The table below estimates Hill’s tax liability this season on his $30 million–a–year contract if he played for every team, taking into account taxes paid for each team’s home and away games.
We make a number of simplifying assumptions. Most importantly, we assume that each out-of-state away game involves three duty days in that state. Depending on how far a team has to travel and what their schedule looks like, the actual number of duty days will vary.
Secondly, we focus entirely on the regular season: calculations change if a team makes it to the postseason, but such schedules are, of course, unknowable.
We also disregard the preseason and any out-of-state training camps, though this is a trivial omission, as veteran players are only paid $1,600 a week during this time, truly a drop in the bucket in Hill’s $30 million annual salary.
Because of these and other simplifying assumptions, this table should not be relied upon for tax planning. If you are Tyreek Hill looking to force a trade in the offseason, please consult with your financial advisor or ask Drew Rosenhaus to recommend one.
With that said, let’s explore how much Hill would have paid in taxes this season if he had signed with each team. The value of credits for taxes paid for other states is shown broken out, but these credits are included in the calculation of the amount paid to the home state.
Tampa Bay Buccaneers
Las Vegas Raiders
New Orleans Saints
New England Patriots
Kansas City Chiefs
Green Bay Packers
New York Giants
New York Jets
Los Angeles Chargers
Los Angeles Rams
San Francisco 49ers
Notes: Assumes three duty days per out-of-state away game. Excludes potential postseason games as well as preseason and training camp days, which are only paid at $1,600 per week and are thus trivial. Calculated for single filers with no dependents Sources: National Football League (schedules); Tax Foundation analysis.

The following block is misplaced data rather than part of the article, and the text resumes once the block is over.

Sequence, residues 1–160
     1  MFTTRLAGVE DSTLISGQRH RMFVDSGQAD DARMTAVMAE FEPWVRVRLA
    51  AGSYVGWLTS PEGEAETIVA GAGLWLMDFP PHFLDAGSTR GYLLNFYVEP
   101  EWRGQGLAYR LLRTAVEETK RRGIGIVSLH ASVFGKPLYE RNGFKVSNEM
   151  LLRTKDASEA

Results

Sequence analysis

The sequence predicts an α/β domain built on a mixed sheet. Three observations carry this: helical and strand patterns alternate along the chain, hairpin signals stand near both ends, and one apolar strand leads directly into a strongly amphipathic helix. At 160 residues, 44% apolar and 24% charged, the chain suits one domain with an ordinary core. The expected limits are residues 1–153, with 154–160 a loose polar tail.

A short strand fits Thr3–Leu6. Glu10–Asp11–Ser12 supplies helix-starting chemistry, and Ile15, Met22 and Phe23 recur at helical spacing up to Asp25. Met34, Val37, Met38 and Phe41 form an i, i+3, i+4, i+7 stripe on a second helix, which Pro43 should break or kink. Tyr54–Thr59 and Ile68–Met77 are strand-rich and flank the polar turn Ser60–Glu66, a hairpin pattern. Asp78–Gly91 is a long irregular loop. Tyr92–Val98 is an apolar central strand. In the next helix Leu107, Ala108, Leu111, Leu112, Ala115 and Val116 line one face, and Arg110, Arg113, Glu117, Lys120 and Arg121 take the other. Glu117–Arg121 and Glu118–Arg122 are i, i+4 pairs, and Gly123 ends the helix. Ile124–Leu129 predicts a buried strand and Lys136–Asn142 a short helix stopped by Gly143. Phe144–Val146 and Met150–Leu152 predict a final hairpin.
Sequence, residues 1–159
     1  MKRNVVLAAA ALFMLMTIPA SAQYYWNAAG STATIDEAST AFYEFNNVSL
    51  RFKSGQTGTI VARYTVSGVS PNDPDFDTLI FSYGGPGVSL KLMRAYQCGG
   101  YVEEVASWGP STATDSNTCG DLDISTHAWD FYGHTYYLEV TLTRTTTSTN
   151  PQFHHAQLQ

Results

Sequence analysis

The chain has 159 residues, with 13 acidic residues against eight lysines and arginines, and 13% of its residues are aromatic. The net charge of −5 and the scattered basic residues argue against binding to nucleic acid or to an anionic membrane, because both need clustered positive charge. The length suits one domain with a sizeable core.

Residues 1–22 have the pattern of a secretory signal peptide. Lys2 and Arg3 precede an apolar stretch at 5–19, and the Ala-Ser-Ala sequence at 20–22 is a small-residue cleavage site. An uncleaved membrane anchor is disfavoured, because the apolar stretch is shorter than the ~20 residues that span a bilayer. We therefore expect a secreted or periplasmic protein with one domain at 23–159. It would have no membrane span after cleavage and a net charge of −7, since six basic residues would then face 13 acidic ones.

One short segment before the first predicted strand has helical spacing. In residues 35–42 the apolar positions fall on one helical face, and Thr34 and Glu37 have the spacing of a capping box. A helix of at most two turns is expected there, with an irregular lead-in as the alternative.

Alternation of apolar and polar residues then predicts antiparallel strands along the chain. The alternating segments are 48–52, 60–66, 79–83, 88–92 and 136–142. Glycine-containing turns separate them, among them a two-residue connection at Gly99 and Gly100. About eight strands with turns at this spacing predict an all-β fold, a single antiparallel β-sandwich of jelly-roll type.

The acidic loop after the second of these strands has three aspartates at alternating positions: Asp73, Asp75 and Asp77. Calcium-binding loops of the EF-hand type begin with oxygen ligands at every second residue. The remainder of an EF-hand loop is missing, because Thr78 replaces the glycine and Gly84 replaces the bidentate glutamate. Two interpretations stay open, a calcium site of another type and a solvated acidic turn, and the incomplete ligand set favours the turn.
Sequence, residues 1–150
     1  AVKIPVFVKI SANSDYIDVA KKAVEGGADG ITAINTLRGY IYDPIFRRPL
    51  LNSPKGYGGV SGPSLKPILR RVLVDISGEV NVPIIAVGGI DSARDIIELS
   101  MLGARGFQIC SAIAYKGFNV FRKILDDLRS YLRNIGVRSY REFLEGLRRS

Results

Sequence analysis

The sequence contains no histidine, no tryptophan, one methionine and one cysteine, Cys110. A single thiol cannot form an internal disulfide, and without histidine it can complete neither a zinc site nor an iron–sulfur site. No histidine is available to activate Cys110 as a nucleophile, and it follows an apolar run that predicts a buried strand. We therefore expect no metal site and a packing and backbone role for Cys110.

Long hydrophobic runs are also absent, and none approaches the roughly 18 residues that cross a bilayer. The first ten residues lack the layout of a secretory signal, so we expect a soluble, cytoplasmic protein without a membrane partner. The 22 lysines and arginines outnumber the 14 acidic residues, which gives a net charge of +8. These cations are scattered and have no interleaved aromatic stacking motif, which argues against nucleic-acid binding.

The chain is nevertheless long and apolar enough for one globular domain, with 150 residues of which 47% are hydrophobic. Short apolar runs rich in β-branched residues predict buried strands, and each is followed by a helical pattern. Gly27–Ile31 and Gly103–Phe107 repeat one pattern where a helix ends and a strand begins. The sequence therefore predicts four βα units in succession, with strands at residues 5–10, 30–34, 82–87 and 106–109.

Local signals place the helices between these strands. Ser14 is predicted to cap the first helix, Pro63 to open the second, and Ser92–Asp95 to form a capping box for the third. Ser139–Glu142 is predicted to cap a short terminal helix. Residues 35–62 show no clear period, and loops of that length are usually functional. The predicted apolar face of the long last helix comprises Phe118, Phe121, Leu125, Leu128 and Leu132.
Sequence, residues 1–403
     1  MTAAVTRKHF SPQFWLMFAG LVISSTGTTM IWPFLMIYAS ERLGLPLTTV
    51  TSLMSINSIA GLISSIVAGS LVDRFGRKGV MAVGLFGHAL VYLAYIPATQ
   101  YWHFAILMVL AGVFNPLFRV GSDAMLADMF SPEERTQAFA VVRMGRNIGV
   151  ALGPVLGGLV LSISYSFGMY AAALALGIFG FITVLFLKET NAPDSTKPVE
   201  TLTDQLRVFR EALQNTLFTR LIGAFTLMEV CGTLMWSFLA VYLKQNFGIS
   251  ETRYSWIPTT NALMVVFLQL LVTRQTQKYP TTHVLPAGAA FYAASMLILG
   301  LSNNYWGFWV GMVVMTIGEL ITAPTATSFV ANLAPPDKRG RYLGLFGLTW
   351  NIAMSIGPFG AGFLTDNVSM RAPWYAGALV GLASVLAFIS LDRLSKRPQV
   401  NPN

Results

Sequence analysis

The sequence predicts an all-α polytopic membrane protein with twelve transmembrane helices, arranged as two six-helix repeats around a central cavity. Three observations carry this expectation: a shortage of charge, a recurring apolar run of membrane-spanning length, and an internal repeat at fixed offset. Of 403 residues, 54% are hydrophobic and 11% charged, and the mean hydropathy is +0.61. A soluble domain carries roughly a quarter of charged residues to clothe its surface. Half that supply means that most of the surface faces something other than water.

Like most people, Tyreek Hill probably didn’t make his decision exclusively based on taxes, but he’s surely being truthful when he says it factored into his analysis. And especially in this era of increased workplace flexibility, where many employees can live and work from just about anywhere, it factors into the decision-making of plenty of people who aren’t NFL superstars, too. Sometimes it’s a direct consideration, with people favoring places where they’ll pay less in taxes. And sometimes it’s indirect, with people seeking out better job opportunities, a lower cost of living, or a higher quality of life that stems, at least in part, from a state’s decision to prioritize economic competitiveness.
When states impose higher tax burdens, employers have to pay more just to remain competitive with employers elsewhere. The additional wages aren’t helping their employees, who turn around and pay them in taxes; it’s just an added cost of doing business in a higher tax state. It reduces employment, reduces productivity, reduces investment, and reduces after-tax income.
In the world of professional sports, a recent study found that for each percentage point increase in state income tax rates, team winning declines by 0.7 percentage point.
Recognizing the enhanced mobility of this new economy, dozens of states have cut the rates of major taxes in the past two years. States that cling to uncompetitively high taxes may find themselves losing out on more than just Tyreek Hill.
Jared Walczak is Vice President of State Projects with the Center for State Tax Policy at the Tax Foundation, a Washington, D.C.,-based think tank, where this was first published. Follow him on Twitter @JaredWalczak.